In the weeks leading to California’s June 5 primary elections, candidates for key statewide offices are spending massive amounts of money to position themselves for victory, according to the latest reports from the California Secretary of State.
The figures reflect the kind of investments needed to run a campaign in a state with over 18 million registered voters.
In a single month — from April 22 to May 19 — a total of nearly $35 million was spent to promote the candidacies of Democrats Lt. Gov. Gavin Newsom, former Los Angeles Mayor Antonio Villaraigosa and State Treasurer John Chiang. The figure includes direct spending by their campaigns as well as spending by independent committees backing them.
By contrast, under $2 million has been spent promoting the two leading Republicans in the race, businessman John Cox and Assemblyman Travis Allen, R-Huntington Beach.
In the race for superintendent of public instruction, over $10 million has been spent to promote the two leading candidates, Marshall Tuck and Assemblyman Tony Thurmond, D-Richmond.
In the gubernatorial campaign, most of Newsom’s spending came from direct contributions made to his campaign, while most spending on Villaraigosa’s behalf has come from an independent committee established by charter school advocates.
By law, an independent expenditure committee is not permitted to coordinate its activities with the campaign of the candidate they are supporting, and there are no limits on the size of contributions they can collect. There are much stricter limits on direct contributions to a candidate. An individual, for example, can contribute $7,300 in the primary election and $7.300 for the general election.
Over the past month, Newsom spent $9.7 million from direct contributions to his campaign, compared to Villaraigosa’s $5.8 million and Chiang’s $4.1 million. Former State Superintendent of Public Instruction Delaine Eastin spent $127,000.
However the biggest expenditure was by the pro-charter independent expenditure committee, Families and Teachers for Antonio Villaraigosa, which spent $13.4 million to boost Villaraigosa’s candidacy, in a major push to ensure that Villaraigosa comes in at least second behind Newsom in the primary, and ahead of GOP candidate John Cox. Among other expenditures, these funds were spent on television ads across the state, as well as glossy brochures mailed to prospective voters.
The committee was established by the California Charter School Association Advocates, the political advocacy arm of the association representing most of the nearly 1,300 charter schools in California.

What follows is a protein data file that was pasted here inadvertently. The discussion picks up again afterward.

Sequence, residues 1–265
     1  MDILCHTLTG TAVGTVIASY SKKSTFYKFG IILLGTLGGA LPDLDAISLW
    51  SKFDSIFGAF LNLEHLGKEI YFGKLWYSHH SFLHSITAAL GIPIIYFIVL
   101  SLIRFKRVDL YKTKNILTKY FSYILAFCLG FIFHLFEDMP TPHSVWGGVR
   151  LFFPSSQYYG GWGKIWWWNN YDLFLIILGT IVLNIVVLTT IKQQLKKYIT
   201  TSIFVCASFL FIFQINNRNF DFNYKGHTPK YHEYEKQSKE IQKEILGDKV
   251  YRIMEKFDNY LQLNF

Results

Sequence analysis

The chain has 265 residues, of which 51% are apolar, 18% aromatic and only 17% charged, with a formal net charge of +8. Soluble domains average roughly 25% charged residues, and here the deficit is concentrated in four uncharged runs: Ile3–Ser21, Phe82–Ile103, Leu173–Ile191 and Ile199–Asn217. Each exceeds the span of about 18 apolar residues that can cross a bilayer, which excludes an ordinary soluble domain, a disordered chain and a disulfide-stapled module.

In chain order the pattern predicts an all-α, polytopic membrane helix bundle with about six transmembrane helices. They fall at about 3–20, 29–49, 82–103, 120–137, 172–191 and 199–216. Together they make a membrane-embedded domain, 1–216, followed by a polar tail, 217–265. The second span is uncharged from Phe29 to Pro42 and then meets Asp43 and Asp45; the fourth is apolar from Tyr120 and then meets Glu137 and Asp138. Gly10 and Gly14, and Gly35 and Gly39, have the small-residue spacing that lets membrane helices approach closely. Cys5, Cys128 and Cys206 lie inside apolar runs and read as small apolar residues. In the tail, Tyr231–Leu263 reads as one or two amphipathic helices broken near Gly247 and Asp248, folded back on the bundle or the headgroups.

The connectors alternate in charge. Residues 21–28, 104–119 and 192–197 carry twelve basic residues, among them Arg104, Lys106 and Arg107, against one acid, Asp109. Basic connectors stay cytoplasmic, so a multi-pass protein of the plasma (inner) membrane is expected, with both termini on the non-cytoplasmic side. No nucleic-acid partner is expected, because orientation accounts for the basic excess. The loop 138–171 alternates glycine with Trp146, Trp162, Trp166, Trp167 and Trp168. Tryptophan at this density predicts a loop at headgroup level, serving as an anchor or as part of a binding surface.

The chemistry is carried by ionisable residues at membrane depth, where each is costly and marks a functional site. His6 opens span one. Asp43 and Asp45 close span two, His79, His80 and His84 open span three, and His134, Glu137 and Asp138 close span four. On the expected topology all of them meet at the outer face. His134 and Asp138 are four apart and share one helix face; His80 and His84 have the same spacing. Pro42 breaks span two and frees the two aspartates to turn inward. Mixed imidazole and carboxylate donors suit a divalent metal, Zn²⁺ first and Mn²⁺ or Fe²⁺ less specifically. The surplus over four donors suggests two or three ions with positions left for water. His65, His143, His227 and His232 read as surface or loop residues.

The expenditures to garner support for Villaraigosa come from a total of $17.3 million that has poured into the independent committee since the beginning of the year. Most of the funds have come from multi-billionaires such as Netflix founder Reed Hastings, former New York City mayor Michael Bloomberg, and Los Angeles philanthropist Eli Broad.
By contrast, most of the funds backing Newsom’s campaign have come from direct contributions — some $13 million since the beginning of the year.
An independent expenditure committee backing him, Educators for Gavin Newsom, has spent $1.2 million over the past month. Of that amount, $1 million came from the California Teachers Association.
An similar committee created by the California Nurses Association spent $300,000 over the past month supporting Chiang.
The importance of the primary for Villaraigosa is made clear from the cash on hand that he and Newsom reported as of last week. Newsom had $9.7 million on hand, while Villaraigosa had $2.2 million. However, the independent committee supporting Villaraigosa still had $1.8 million on hand, while the committee backing Newsom only had $125,000.
In the race for schools chief, so far Tony Thurmond is being outspent by Marshall Tuck by a roughly 2 to 1 margin. Since the beginning of the year, in direct campaign contributions, Tuck has raised $893,000 compared to Thurmond’s $492,000, according to the Secretary of State reports.
Over the past month, Tuck has spent about $1.2 million from direct contributions, while Thurmond has spent $761,000.
Student, Parents and Teachers Supporting Marshall Tuck, the independent expenditure committee backing Tuck spent $5 million. Almost all of those funds have come from the political action committee that established it, EdVoice for the Kids. The PAC was in turn established by EdVoice, a Sacramento-based political advocacy organization that is also strongly pro-charter school.
Most of the funds contributed to the EdVoice for the Kids PAC came from wealthy backers such as venture capitalist Arthur Rock, Jim Walton and Alice Walton, both heirs to Sam Walton, the founder of Walmart, Eli Broad and former LA mayor Richard Riordan.
Educators Supporting Tony Thurmond, the independent expenditure committee backing Thurmond, was established by the California Teachers Association. It spent $2.7 million over the past month to promote his candidacy, out of a total of $3.1 million in contributions. Almost all those funds came from the CTA, as well as other labor unions and organizations.
Support independent journalism
If this article helped keep you informed and engaged with California education, would you consider supporting the nonprofit organization that brought it to you?
EdSource is participating in NewsMatch, a campaign to keep independent, nonprofit journalism strong. A gift to EdSource now means your donation will be matched, dollar for dollar, up to $1,000 per donation through the end of 2018. That means double the support for the reporters, editors and data specialists who brought you this story. Please make a contribution today.